Thus, novel early diagnostic biomarkers of PCa are urgently needed to be excavated and evaluated to distinguish patients with cancers from healthy population. The review aims to generally summarize the current diagnostic biomarkers of PCa, their status and future prospective.


  Prostatic acid phosphatase and prostate specific antigen Top


Prostate acid phosphatase (PAP) was first reported to be elevated in the serum of patients with PCa metastasized to bone and could be regarded as a serum diagnostic biomarker in 1930s. [5] Unfortunately, PAP was proved to be not sensitive to detect localized lesion of PCa [6] and totally replaced by PSA that was discovered in 1970s. Recently, PAP was studied in deep because it was found that high levels of PAP expression were detected in high Gleason score PCa, [7] offering a new and interesting functional aspect of differentiating indolent and aggressive PCa. PAP can be also used as a target antigen for PCa therapy. A novel Food and Drug Administration (FDA)-approved therapy termed Provenge (Sipuleucel-T) aims at 95% PAP expressed PCa, [8] and a phase III clinical trial showed 4.1 months improvement in median overall survival compared with the control group. [9]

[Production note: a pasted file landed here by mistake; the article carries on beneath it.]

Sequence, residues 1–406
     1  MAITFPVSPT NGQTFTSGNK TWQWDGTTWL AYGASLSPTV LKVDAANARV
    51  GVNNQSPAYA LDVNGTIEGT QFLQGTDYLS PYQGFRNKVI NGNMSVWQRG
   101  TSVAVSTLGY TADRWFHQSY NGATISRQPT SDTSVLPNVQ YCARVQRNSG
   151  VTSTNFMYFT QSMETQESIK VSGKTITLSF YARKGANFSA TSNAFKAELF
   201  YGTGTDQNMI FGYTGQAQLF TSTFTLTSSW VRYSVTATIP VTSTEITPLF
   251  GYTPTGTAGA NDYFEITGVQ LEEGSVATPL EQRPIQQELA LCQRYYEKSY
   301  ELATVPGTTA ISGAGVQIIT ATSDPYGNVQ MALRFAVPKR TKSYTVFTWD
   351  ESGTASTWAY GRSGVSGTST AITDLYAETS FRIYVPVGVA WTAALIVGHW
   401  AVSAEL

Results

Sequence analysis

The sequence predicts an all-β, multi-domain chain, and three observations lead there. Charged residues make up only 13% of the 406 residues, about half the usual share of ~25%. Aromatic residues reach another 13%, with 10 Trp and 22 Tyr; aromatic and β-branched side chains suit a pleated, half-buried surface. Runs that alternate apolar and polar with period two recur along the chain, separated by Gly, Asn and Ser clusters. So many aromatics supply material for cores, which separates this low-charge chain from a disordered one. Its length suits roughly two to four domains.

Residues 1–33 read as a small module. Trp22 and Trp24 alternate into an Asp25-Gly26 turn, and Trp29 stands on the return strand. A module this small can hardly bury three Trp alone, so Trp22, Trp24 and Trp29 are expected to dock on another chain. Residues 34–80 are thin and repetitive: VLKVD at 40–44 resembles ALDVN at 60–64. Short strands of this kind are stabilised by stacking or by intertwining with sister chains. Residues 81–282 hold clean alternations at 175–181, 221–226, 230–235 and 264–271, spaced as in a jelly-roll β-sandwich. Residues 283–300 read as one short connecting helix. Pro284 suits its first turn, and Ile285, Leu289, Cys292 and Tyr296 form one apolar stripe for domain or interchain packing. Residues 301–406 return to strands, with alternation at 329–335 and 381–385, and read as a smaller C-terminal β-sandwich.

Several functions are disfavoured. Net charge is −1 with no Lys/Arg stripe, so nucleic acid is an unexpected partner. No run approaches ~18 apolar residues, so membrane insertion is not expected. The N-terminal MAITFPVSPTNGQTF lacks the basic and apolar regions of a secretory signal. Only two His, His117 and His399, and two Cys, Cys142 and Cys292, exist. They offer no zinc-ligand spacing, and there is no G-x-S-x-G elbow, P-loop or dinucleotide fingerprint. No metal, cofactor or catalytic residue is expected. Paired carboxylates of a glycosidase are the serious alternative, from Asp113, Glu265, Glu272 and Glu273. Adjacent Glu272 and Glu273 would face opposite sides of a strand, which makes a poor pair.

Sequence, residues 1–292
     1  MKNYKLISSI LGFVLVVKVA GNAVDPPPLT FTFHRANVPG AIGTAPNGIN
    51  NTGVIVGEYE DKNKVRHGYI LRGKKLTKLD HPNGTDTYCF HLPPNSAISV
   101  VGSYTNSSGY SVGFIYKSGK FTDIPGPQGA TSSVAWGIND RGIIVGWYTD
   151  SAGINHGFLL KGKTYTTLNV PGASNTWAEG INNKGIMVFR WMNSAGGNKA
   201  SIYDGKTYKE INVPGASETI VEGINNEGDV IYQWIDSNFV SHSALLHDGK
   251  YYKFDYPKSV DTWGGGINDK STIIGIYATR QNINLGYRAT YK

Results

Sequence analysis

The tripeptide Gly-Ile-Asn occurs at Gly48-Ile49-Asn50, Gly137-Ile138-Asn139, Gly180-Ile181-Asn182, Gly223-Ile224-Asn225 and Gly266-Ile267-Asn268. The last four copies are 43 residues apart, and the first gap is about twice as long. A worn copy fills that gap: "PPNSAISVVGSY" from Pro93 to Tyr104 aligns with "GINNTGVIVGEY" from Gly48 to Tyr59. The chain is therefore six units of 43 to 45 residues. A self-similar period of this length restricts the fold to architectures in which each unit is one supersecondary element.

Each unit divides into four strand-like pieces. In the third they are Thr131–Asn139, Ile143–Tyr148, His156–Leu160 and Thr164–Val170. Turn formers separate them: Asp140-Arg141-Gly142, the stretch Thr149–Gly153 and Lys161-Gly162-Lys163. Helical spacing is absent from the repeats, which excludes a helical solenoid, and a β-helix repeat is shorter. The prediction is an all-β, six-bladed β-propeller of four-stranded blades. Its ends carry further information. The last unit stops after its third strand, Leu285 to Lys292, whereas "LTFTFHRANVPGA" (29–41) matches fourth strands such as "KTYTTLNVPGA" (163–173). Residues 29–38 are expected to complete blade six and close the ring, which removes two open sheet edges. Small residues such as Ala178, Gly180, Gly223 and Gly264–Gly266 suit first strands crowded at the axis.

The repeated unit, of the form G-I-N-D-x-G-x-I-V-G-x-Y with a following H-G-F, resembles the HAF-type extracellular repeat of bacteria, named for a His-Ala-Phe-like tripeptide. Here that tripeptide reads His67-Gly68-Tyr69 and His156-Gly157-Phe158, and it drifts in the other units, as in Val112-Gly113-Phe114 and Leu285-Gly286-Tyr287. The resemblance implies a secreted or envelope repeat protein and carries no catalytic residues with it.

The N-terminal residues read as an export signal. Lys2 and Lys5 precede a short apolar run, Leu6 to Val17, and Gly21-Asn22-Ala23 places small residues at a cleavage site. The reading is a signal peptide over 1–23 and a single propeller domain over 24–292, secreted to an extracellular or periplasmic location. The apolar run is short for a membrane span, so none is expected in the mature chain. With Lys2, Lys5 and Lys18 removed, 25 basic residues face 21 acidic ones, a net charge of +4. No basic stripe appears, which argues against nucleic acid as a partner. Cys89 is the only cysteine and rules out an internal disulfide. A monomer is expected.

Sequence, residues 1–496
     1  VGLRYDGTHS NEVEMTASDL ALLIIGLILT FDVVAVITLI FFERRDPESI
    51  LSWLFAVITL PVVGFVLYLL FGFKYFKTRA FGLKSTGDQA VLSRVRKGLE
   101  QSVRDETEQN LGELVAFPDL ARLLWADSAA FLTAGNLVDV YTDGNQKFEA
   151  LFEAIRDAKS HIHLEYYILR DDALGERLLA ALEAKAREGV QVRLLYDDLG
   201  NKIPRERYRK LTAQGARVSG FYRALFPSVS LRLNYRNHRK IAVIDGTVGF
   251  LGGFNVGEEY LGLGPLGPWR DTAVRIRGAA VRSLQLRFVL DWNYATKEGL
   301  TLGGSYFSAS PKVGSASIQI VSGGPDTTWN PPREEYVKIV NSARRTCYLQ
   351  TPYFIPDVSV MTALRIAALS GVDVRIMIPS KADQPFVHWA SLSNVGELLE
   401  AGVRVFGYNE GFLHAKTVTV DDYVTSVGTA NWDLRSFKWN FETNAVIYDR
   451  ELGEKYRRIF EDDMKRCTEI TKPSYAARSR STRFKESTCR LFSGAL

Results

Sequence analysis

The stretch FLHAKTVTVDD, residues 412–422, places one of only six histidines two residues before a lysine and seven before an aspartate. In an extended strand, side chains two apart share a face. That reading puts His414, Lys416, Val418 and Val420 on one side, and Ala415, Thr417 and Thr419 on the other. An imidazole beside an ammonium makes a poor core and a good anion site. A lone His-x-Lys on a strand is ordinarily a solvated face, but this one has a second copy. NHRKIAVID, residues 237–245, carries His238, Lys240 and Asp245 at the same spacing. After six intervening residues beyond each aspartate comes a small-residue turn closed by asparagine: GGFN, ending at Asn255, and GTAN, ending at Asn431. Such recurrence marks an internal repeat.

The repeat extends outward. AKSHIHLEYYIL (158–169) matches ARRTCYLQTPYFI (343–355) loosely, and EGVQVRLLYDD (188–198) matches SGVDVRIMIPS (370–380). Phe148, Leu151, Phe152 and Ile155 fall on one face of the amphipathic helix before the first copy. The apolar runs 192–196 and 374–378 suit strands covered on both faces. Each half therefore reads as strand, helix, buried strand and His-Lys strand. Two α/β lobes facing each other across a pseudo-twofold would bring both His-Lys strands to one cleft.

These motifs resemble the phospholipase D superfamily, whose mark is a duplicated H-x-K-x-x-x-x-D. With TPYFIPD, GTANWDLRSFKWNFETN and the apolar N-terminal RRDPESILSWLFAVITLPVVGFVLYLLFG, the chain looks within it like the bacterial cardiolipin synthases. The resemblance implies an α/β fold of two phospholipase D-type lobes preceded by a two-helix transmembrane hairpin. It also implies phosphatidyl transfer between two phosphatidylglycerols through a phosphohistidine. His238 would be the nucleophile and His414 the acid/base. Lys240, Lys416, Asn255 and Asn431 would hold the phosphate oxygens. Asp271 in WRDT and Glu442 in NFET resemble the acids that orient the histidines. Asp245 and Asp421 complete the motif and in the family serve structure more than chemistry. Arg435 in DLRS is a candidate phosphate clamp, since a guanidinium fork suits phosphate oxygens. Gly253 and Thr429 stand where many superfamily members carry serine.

Prostate specific antigen, also known as kallikrein-3 (KLK3), is a glycoprotein enzyme encoded in humans by the KLK3 gene. It was first discovered in late 1970s from prostate extracts. [10] PSA was later found increased in serum of patients with PCa resulting from the disruption of basal cell layer of prostate. It was initially used as a screening biomarker and officially approved for PCa screening by FDA in 1994. However, with the low specificity of PSA in indicating PCa, which may cause relative high false-positive rate in screening, the United States Prevention Services Task Force doesn't recommend PSA screening for early diagnosis and early treatment due to asymptomatic status of PCa for life and risks of complications originated by over-treatment. European randomized study of screening for PCa evaluated the effect of PSA screening and suggested that PSA-based screening could reduce the rate of death from PCa by 20%, but was associated with a high-risk of over-diagnosis. [2] Thus, scientists are focusing on the ways to improve PSA test in order to better distinguish patients with cancers from people with benign conditions. These advanced PSA tests include: (a) free PSA (fPSA) (unbound to other proteins in the serum), is usually used as the form of ratio of fPSA/total PSA (tPSA) which can exclude the suspect of having PCa if the ratio level is lower than normal when PSA is 2.6-10 ng ml−1 . [11],[12] (b) PSA velocity (rate of change in a man's PSA level per year), is reported that people with PSA velocity >2 ng ml−1 year−1 may have a relative high-risk of death from PCa before diagnosis, demonstrating its role in predicting cancerous state that will lead to death. Moreover, FDA approved the availability of prostate health index (PHI) as a newly developed test combination in 2012. It composes of the blood measurements of %fPSA (fPSA/tPSA), PSA and proPSA, to calculate a score. A recent meta-analysis has proved PHI's diagnostic ability of increasing the sensitivity to 90% and specificity to 32% particularly in the group of patients with PSA between 2 ng ml−1 and 10 ng ml−1 . [13] Further, Perdona et al. [14] tested PHI score in 160 suspected patients followed by biopsies and found that PHI score was significantly higher in PCa group than PCa-negative group. These results reconfirmed that PHI could be used as a diagnostic tool in suspected patients before the first time biopsy.